This article discusses an important Linux shell environment variable called PATH and how you can add a directory to this variable.
In general, most programs you’ll ever run on your Linux system will work flawlessly, and your shell will not present any errors at the time of their execution. However, there may be times when you might want to quickly run custom scripts or programs from non-standard directories on your Linux system.
In such cases, you need to add their source directory to your shell’s PATH variable so that it knows where to find them.
What Is PATH Environment Variable Used For?
The environment variables control the behavior of the shell. For example, if you ever use the command line on Linux, the system relies on the PATH variable to find the location of the commands you are entering.
PATH is a built-in environmental variable in Linux that tells the shell which directories to search for executable files in response to commands issued by a user or application.
It holds the colon-separated list of directories used to find commands that you enter.
How to Add a Directory to PATH in Linux
To see what’s in your PATH right now, type this into a terminal:
As you can see, the directories in this variable are separated by colon (
:). At present, the shell searches the following directories for the binary executable files:
The order of the search PATH is also important. So, if you have two executable files sharing the same name located in two different directories, the shell will run the file in the directory that comes first in the PATH.
Add a Directory to PATH Temporarily
Now assume that you have created a custom shell script located in the
/srv/scripts directory, and you want to add this directory to your PATH variable. Here’s what you should be doing:
To make things more transparent, let’s break down this syntax. First, here is what each parameter means:
exportcommand will export the modified
PATHvariable to the shell child process environments.
$before a variable name means you are referring to its value.
:/srv/scriptssection specifies that the content after the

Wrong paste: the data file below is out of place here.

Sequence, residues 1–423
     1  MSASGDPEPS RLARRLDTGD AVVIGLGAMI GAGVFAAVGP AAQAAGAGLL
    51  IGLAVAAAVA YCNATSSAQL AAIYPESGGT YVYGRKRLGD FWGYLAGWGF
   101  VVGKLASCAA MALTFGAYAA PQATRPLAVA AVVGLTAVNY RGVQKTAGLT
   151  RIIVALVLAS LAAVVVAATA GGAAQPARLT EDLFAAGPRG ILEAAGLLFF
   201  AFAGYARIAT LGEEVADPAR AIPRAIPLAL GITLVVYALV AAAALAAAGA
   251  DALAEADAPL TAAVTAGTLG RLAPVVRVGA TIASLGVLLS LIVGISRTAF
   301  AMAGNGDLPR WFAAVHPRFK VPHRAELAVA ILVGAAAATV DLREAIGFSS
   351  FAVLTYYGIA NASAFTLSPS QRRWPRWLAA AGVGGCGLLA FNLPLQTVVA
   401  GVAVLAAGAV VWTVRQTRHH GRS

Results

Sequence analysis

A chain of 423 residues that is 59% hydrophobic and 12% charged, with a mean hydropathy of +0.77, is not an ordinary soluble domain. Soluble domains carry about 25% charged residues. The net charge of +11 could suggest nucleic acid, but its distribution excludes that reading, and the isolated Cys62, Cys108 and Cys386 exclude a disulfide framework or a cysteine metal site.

:symbol should be appended to the values contained in the current PATH variable.
Let’s see what the PATH looks like now:
As you can see in the above output, the
/srv/scripts directory is added to the end of the PATH variable. Now, files you have stored in the
/srv/scripts directory can be executed anywhere without specifying their full path.
In addition, if you think that your directory should be searched before everything else, you could add it before the
It’s important to note that the PATH will revert if you exit the terminal or log out from the system. The changes will be lost because this method of setting PATH remembers the changes only temporarily during the current terminal session.
To make it permanent, check out the section below.
Add a Directory to PATH Permanently
To make the change permanent, you need to define the PATH variable in the shell configuration files.
The default system-wide PATH value is specified in the
/etc/profile file. The best place to add a directory to the path of a single user is to modify that user’s
Open the file with your text editor, scroll to the bottom of the file, and add the following line at the end of it:
Finally, save the file and load the new PATH into the current shell session using the
To confirm that the directory was successfully added, type the following
echo command to check the path:
As you can see, adding new directories to your user or global PATH variable in Linux is pretty simple. However, in this article, we have learned that there are two ways of doing it: temporarily and permanently.
If you still have doubts, please let me know in the comments.